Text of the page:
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Because the clay is uncured, it tends to scrape off and leave a residue, so I wanted to finish them off a bit. I used an ultra-fine sandpaper to smooth off the edges of each dish. Make sure you do this outside in a well-ventilated area. Not only does the clay dust get everywhere, but you’re also likely to inhale a bunch of it if you’re not careful. Dust off each piece completely before you do anything else. Compressed air is handy for this, but make sure to do it outside.

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I then painted each piece with an outdoor satin sealer that adhered pretty well to the clay surface. I like the soft shininess of it and the fact that it didn’t sink into the porous clay and discolour it.

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Some of the finished dishes. The one on the left is my favourite, because it’s so thin and delicate. I’m betting good money that whomever I give it to will break it within a week, and it won’t even be that person’s fault.

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And some of the bigger ones. I made so many that pretty much everyone on my gift list is getting at least one. And because of that handy gift certificate, this cost me nothing but time!

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Fall Leaf Wreath

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I’m not sure how it came about, but making wreaths from scratch has become one of my favourite DIYs in recent years. I love coming up with an idea  and seeing it come to fruition – sometimes better than I’d planned.

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I spent about 20 minutes gathering these leaves from the local park. They all came from the same tree, so they were the same general shape, but they had a good variance of colour, which I liked. I divided my pile in half, and set one half aside.

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Then I got out my craft paint and paint brushes.

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Then I started painting the other half of the leaves. Nothing too elaborate or detailed – just something to make the leaf still interesting to look at once it’s shriveled and turned brown.

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I did this for a while.

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Like, an hour or so.

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My favourites are the ones I painted with glitter paint, so the leaf colour shines through but then the light catches on the glitter and they’re just lovely.

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Then I cut out a half-assed circle from some scrap cardboard. Yep, that’s freehand. No sense in being perfect on something that doesn’t need to be perfect.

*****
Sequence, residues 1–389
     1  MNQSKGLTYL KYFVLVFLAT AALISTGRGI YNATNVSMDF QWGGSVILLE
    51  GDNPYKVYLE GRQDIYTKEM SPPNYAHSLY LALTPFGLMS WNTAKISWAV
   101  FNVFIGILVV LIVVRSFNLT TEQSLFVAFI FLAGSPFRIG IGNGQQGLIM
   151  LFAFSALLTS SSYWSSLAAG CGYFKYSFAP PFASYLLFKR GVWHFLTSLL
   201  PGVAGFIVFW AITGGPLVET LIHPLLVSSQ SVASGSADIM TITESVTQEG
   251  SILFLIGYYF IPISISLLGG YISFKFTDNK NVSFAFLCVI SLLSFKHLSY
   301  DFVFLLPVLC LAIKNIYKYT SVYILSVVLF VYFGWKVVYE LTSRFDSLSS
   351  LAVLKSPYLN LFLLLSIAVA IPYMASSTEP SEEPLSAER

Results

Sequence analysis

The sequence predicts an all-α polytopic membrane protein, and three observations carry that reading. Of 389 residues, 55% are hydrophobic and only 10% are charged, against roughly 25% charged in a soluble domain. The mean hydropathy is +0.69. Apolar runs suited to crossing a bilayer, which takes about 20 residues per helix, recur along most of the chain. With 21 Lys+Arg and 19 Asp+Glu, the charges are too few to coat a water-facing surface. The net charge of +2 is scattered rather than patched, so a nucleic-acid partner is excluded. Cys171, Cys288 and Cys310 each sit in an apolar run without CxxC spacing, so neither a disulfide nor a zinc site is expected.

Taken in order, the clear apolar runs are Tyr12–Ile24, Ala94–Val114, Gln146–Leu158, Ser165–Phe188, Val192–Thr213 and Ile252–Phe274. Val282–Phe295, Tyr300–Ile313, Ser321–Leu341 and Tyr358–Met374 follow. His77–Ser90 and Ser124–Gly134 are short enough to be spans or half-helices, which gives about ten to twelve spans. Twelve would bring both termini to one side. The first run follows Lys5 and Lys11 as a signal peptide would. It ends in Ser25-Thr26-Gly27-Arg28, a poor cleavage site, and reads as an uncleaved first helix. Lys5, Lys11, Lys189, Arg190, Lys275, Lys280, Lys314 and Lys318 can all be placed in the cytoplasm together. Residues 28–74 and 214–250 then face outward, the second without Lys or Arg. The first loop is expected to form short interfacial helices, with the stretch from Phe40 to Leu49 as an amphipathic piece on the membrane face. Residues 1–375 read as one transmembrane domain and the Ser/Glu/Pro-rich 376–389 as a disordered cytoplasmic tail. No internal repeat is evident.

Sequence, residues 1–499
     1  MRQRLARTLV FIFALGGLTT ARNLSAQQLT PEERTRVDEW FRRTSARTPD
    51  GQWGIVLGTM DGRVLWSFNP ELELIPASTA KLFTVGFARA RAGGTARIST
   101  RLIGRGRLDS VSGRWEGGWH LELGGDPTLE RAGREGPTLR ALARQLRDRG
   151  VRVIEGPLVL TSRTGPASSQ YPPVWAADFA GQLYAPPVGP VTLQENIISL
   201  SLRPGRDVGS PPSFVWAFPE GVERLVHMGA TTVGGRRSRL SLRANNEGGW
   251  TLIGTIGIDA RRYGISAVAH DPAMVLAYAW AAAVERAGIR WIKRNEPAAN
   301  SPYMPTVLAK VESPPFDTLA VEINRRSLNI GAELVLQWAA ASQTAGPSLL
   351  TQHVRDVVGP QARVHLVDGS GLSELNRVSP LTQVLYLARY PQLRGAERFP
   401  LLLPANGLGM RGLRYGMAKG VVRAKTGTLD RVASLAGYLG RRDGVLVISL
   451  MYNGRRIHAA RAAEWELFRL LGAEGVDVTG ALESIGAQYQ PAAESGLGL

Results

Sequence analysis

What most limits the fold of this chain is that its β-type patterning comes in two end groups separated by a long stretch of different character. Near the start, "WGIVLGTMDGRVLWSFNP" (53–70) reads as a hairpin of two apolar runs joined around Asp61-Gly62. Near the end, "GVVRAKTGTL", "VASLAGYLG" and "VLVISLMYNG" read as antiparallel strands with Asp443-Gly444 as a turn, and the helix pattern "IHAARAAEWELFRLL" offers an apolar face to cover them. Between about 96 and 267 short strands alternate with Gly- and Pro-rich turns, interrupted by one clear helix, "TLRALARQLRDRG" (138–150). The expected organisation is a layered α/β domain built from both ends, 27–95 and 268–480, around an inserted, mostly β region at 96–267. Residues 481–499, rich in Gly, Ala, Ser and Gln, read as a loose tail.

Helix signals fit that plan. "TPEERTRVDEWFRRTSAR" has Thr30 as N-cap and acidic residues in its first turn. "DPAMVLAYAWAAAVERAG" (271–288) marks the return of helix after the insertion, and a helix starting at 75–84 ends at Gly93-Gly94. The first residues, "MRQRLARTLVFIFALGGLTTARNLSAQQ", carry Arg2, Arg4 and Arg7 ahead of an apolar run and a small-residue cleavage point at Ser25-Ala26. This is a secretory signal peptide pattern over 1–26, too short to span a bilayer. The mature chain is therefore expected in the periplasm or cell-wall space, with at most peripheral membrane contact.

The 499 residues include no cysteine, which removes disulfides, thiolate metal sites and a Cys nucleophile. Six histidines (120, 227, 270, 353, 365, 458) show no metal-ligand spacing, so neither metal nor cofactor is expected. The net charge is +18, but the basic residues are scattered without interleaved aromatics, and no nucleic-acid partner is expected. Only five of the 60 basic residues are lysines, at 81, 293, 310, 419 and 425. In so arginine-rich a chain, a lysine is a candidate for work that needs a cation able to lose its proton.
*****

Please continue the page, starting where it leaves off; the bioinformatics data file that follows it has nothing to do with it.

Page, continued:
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While the painted leaves were drying, I took my hot glue gun and started attaching the unpainted leaves to the cardboard ring.

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I tried to line it up mostly along the edges, with the larger leaves on the outside and smaller ones on the inside.

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Then I filled in the centre a bit, because I knew the leaves would get wrinkly as they dried up over time.

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Then I started inserting the painted leaves under and over and around.

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Finally got every single one on there.

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The whole thing, in poor lighting.

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A snippet of one side, for the detail.

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I tacked it to my front door, which is sheltered from the elements. I’m interested to see how it’s going to look in a week or two once the leaves go brown – you can see that just after one day they’re starting to curl already. I’ll add a photo when it gets there.

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***EDIT***

And here it is, fully shriveled. I like how it turned out!

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The Glycerine Trick

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I love fall in Ontario.  The changing colours of the trees all around me are something I can never get tired of.  And I love doing things with the beautifully-shaded leaves I pick up from the ground — such as forming those pretty little maple leaf bouquets that Tego and I made last year.  But of course, fallen leaves tend to be somewhat brittle and are likely to fade after a week or two. To make them last longer, shove them in a bowl or other container.

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Then, add some glycerin.  Not even kidding. One part glycerin …

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… to two parts hot water.

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Put something on top to keep them submerged and leave them at least a day.  The longer you leave them the more glycerin the leaves will absorb and the longer they will last.  When you’re ready, take them out, dry them off, and do whatever it was that you were going to do!